The following code shows how a class called UserDefinedClass which inherits from objC’s base class, NSObject. It begins with the @interface directive and ends with the @end directive. Following the user defined class name is a colon and then the name of the parent class. The instance variables (ivars) are declared in the next block of code and surrounded with curly braces { and }. Following on is the method declarations of the class, with each instance variable and method declaration terminated with a semi colon.

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@interface USerDefinedClass : NSObject
{
int count;
id data;
NSString* name;
}
- (id)initWithString:(NSString*)aName;
+ (UserDefinedClass*)createMyClassWithString:(NSString*)aName;
@end

N.B. This interface only declares methods. Classes can also declare properties which we will look at later on.

ObjC supports both weak and strong typing for variables containing objects. Strongly typed include the class name in the variable declaration. Weakly typed use the type id instead. Weakly typed are used often for things such as collector classes, where the exact type of object may be unknown. You are probably used to using strongly typed languages, and think that weakly typed variables may cause issues, but they actually allow more flexibility and dynamism in objC programs.

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MyClass *myobject1; //Strong typing
id myObject2; //Weak typing

Notice the ? In objC object references are pointers. The id type also implies a pointer. Though no is required when using id.

Reducing the RAM useage of MySQL

One thing I noticed when setting up the MySQL database was the amount of RAM that it was using on my server. It seems that when you install MySQL it is fully featured and set up for much bigger useage than your average webserver requires. My initial install was using over 100Mb. What we need to do reduce it is to create a configuration file that MySQL looks for when it starts up. In our initial webserver setup we don’t have one, so the MySQL database server starts with defaults.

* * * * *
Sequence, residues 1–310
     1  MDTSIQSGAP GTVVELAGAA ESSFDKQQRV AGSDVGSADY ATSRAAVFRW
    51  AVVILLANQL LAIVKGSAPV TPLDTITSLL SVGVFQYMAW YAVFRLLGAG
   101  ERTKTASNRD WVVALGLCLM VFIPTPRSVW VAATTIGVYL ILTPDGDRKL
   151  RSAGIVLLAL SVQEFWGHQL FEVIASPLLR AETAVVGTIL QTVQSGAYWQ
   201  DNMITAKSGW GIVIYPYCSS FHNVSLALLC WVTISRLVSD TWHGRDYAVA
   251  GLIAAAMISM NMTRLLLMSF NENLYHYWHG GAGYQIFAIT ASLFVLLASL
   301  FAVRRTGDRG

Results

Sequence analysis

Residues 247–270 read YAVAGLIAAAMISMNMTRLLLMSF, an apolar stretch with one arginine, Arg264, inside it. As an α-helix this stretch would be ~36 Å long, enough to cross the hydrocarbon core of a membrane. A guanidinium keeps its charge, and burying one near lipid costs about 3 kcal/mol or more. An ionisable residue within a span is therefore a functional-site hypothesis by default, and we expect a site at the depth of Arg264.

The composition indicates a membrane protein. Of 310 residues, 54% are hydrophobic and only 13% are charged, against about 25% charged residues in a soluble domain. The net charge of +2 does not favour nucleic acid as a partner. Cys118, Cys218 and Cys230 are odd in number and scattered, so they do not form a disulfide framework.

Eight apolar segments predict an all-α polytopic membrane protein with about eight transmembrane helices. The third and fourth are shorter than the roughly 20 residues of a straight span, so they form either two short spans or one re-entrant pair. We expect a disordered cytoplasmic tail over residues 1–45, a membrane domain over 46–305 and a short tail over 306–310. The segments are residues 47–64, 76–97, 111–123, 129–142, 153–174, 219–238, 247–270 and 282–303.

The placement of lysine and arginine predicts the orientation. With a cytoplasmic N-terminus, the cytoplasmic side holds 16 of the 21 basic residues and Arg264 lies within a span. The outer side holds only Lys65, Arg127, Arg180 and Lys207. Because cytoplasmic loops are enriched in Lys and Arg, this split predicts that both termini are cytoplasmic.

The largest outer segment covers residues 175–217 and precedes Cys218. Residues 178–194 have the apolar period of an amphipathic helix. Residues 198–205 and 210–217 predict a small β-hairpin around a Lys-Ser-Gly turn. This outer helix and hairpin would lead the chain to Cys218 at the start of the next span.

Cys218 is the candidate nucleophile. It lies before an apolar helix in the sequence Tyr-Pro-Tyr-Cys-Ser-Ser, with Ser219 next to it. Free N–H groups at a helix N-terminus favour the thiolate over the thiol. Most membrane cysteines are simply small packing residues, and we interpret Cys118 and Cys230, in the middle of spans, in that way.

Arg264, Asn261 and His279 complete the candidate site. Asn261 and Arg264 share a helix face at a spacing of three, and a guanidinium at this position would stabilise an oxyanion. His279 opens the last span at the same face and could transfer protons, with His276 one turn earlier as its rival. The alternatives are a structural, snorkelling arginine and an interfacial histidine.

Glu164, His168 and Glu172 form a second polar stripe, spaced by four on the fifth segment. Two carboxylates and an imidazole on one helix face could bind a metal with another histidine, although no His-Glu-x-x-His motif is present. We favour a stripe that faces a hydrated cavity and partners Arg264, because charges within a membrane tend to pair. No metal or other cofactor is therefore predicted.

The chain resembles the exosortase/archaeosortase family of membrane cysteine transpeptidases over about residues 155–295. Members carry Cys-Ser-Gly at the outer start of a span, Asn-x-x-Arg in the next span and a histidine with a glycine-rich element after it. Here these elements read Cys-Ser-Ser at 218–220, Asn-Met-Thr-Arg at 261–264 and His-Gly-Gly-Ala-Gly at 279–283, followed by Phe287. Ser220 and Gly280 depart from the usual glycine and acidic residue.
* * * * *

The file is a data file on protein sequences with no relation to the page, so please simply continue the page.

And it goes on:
To create this file from the command line you need to open up a command line text editor. There are a few about, nano, pico, vim etc. My preferred one is vim. Basically to create a file in vim you just need to start vim and state the file path. As MySQL looks for it’s config file called my.cnf in the /etc folder we simply type;

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vi /etc/my.cnf

Now pressing i to start insert mode on the vi text editor we can type, or copy depending on what system you are using, the following text into our my.cnf document.

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[cc lang="mysql"][mysqld]
port = 3306
socket = /var/lib/mysql/mysql.sock
skip-locking
set-variable = key_buffer=16K
set-variable = max_allowed_packet=1M
set-variable = thread_stack=64K
set-variable = table_cache=4
set-variable = sort_buffer=64K
set-variable = net_buffer_length=2K

# For low memory, InnoDB should not be used so keep skip-innodb uncommented unless required
skip-innodb

[mysqldump]
quick
max_allowed_packet = 16M

[mysql]
no-auto-rehash
# Remove the next comment character if you are not familiar with SQL
#safe-updates

[isamchk]
key_buffer = 8M
sort_buffer_size = 8M

[myisamchk]
key_buffer = 8M
sort_buffer_size = 8M

[mysqlhotcopy]
interactive-timeout"[/cc]

Save the file from vi, by pressing Esc, then typing :wq this will write the file to /etc/my.cnf and quit the text editor.
Now we need to restart MySQL by using;

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/etc/init.d/mysqld restart

Tada! Now your MySQL installation is consuming almost half the amount of RAM as before, whilst still offering way more features than you are ever likely going to need for a wordpress web host.
This could probably be trimmed down even more if needed, though this will do for starters.

^